“The afflicted and needy are seeking water, but there is none, And their tongue is parched with thirst; I, the Lord, will answer them Myself, As the God of Israel I will not forsake them.” (Isaiah 41:17, NASB)

He will come to our rescue. God, Himself, will answer you and me. Can you hear how personal that sounds? Have you ever pleaded with someone important whether your boss, public figure, or even a parent, and they responded to the need themselves? You expected for them to send their assistant, but instead they — the most important one — responded to you.

“I will open rivers on the bare heights And springs in the midst of the valleys; I will make the wilderness a pool of water And the dry land fountains of water. I will put the cedar in the wilderness, The acacia and the myrtle and the olive tree; I will place the juniper in the desert Together with the box tree and the cypress.” (Isaiah 41:18-19, NASB)

This passage describes the wilderness-like times in life. You are barren. You are thirsty. You are hot. You are in need. God will provide what you need. God will quench your thirst. He will provide shade when you are weary. During those times, God can provide in creative, innovative ways. He can provide something out of nothing. Doesn’t that give you great hope? Even when you can’t answer how He will do it, He is creative enough to figure it out even when the odds are stacked against you.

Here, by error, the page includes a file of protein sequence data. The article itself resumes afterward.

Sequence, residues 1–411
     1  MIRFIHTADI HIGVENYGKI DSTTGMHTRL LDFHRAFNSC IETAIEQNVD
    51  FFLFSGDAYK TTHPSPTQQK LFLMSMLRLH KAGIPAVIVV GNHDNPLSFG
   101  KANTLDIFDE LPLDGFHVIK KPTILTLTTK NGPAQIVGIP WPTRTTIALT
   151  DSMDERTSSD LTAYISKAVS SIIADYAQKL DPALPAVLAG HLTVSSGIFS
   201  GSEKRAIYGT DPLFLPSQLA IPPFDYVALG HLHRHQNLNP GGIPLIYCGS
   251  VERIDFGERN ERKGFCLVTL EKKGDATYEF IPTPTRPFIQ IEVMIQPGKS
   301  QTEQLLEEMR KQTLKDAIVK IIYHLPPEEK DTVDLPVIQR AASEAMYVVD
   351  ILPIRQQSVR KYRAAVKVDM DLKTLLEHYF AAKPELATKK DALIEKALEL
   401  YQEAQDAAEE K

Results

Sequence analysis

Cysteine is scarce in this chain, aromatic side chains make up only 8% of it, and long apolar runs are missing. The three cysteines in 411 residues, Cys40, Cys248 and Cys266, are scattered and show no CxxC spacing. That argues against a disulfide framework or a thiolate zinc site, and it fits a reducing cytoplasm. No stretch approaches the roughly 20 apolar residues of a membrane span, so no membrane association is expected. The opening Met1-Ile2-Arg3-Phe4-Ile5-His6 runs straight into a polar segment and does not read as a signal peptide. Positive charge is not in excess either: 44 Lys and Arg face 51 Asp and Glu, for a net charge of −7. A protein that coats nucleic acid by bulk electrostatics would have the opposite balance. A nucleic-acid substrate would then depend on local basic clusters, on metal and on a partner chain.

“That they may see and recognize, And consider and gain insight as well, That the hand of the Lord has done this, And the Holy One of Israel has created it.” (Isaiah 41:20 NASB).

God will do all of this so that His glory will be put on display. People — including yourself — will see that He is powerful.

So you can see how after a night of wrestling with fear and anxiety, reading this was like shade and water for my soul. God is a god who sees. And God is a god who acts on your behalf.

What do you need His help with today? What are you fearful about today? What keeps you awake at night? Where do you need some shade?

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Hi, I'm Ashleigh Slater, founder and editor of Ungrind. Here at Ungrind, it’s our goal to churn out biblically-based encouragement for women. We strive to be honest and transparent about our struggles in a way that inspires hope, faith, and perseverance.

As you read, we hope you consider us friends, the kind you feel comfortable sitting across the table with at the local coffee shop. You can read more about me HERE and our team of writers HERE.

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My Journal of “Foolish” Faith

by Ashleigh Slater time to read: 5 min